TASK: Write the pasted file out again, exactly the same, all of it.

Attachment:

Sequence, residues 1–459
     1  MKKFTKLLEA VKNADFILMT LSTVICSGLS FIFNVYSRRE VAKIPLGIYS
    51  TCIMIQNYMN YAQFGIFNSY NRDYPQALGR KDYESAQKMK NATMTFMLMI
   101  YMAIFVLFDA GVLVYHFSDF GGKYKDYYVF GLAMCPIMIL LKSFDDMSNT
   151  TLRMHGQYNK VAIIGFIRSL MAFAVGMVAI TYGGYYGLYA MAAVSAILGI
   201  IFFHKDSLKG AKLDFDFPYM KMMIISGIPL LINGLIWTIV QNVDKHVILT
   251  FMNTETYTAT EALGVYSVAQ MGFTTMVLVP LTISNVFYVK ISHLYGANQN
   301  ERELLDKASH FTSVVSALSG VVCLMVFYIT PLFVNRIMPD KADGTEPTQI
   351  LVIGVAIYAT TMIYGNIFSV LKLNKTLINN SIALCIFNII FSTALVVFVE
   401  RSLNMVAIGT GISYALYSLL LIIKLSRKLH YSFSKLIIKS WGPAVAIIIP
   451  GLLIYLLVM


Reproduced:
Sequence, residues 1–459
     1  MKKFTKLLEA VKNADFILMT LSTVICSGLS FIFNVYSRRE VAKIPLGIYS
    51  TCIMIQNYMN YAQFGIFNSY NRDYPQALGR KDYESAQKMK NATMTFMLMI
   101  YMAIFVLFDA GVLVYHFSDF GGKYKDYYVF GLAMCPIMIL LKSFDDMSNT
   151  TLRMHGQYNK VAIIGFIRSL MAFAVGMVAI TYGGYYGLYA MAAVSAILGI
   201  IFFHKDSLKG AKLDFDFPYM KMMIISGIPL LINGLIWTIV QNVDKHVILT
   251  FMNTETYTAT EALGVYSVAQ MGFTTMVLVP LTISNVFYVK ISHLYGANQN
   301  ERELLDKASH FTSVVSALSG VVCLMVFYIT PLFVNRIMPD KADGTEPTQI
   351  LVIGVAIYAT TMIYGNIFSV LKLNKTLINN SIALCIFNII FSTALVVFVE
   401  RSLNMVAIGT GISYALYSLL LIIKLSRKLH YSFSKLIIKS WGPAVAIIIP
   451  GLLIYLLVM